The next thing we think of is – handle with care. But do we? I had wanted to post about fragile mental health this week and I got a reminder. This morning I broke a lovely unusual vase that my daughter bought for me at an art show. It wasn't on purpose, but it still shattered into a million pieces on the hardwood floor. Often that is what happens with our treatment of loved ones who have what is clinically described as having "fragile mental health", which can include a number of conditions that are severe and barely under control.
Severe depression that has only recently responded to medications and therapies and which requires both ongoing treatment and a very supportive home/work situation (if the person is able to work).
Bipolar disorder (same as depression) but with the additional caveat of controlling the triggers for manic episodes.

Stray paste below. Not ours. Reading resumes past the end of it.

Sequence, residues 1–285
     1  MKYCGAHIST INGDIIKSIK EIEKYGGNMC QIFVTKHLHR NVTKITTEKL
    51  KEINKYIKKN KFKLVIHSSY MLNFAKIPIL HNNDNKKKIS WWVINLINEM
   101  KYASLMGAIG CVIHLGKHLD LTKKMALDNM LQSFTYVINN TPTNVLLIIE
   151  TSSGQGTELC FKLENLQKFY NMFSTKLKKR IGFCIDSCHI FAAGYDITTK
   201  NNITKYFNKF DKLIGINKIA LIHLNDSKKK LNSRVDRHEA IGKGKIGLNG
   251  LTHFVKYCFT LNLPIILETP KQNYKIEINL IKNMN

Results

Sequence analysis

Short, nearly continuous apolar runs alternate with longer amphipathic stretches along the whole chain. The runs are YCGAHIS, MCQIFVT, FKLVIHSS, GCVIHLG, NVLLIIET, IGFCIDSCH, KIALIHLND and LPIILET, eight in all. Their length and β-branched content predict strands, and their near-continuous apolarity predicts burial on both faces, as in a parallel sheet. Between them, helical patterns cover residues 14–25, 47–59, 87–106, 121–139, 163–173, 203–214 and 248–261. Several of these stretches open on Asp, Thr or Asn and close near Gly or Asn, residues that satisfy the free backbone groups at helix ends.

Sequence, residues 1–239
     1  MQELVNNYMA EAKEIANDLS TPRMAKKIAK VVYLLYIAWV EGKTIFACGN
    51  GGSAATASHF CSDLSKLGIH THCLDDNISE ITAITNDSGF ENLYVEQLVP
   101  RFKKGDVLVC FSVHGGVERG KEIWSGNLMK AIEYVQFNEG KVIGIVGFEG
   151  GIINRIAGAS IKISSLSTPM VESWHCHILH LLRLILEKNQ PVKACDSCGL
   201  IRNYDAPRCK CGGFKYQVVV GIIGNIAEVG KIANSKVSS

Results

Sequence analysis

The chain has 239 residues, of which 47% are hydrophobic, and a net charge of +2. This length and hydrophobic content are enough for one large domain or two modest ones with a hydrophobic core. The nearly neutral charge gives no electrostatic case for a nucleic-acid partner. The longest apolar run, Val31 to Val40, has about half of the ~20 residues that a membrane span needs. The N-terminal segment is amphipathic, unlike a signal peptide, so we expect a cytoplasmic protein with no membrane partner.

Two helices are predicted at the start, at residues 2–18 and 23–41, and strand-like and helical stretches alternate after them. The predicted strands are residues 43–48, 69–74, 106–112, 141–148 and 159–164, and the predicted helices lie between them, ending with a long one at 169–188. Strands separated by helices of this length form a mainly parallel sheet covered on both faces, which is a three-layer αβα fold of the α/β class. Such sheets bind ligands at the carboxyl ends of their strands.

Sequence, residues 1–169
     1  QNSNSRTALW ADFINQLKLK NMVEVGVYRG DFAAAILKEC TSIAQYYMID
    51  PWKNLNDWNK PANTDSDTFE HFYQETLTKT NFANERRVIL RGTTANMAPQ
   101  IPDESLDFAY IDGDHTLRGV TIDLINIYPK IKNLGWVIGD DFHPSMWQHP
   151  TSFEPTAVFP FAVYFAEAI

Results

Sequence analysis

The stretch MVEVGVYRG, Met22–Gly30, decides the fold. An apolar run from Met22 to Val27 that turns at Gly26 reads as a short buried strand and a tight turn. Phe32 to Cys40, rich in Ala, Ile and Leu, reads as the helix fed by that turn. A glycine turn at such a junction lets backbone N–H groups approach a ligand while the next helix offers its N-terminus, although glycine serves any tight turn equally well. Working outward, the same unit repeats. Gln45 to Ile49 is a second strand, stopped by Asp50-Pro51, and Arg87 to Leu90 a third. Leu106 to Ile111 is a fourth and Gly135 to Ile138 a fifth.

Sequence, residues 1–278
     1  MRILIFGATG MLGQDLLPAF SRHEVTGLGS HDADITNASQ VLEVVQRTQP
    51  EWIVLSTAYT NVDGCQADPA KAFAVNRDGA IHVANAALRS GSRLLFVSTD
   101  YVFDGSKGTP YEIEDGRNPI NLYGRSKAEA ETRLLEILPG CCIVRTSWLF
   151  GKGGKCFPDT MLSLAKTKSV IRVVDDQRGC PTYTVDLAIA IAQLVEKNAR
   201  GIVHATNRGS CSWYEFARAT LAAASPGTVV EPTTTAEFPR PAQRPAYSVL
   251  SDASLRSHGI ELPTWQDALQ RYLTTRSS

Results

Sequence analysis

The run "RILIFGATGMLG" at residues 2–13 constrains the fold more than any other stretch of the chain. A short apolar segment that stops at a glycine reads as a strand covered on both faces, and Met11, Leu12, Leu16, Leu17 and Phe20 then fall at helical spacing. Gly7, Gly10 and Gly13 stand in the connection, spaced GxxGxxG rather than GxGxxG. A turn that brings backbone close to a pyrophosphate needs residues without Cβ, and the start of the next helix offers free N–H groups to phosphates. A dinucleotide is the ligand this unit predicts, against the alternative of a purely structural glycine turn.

Schizophrenia or other psychotic conditions, while more controllable with the newer medications, can have break-through episodes or be more intractable or not as responsive to even the most effective drugs.
Persons with Autism spectrum disorder can be considered more fragile if they have rages or tantrums or if their ASD behaviors, e.g., self-stimulating noises, hand flapping, etc., have increased and cannot be managed with behavioral intervention and certain medications that can be helpful.
Drugs and therapy alone are not sufficient to maintain balance for a person with fragile mental health. The people in their lives need to be mindful of their condition and to do what they can to support the person. That also means taking care of their own needs so that they can handle the additional stresses the loved one brings to the relationship.
I wasn't careful this morning and the consequence was the loss of a beautiful gift. Aren't our family members and friends with special issues a gift, too? They challenge us to be the best people we can be, with God's help.
Next post: Toxic people, toxic environments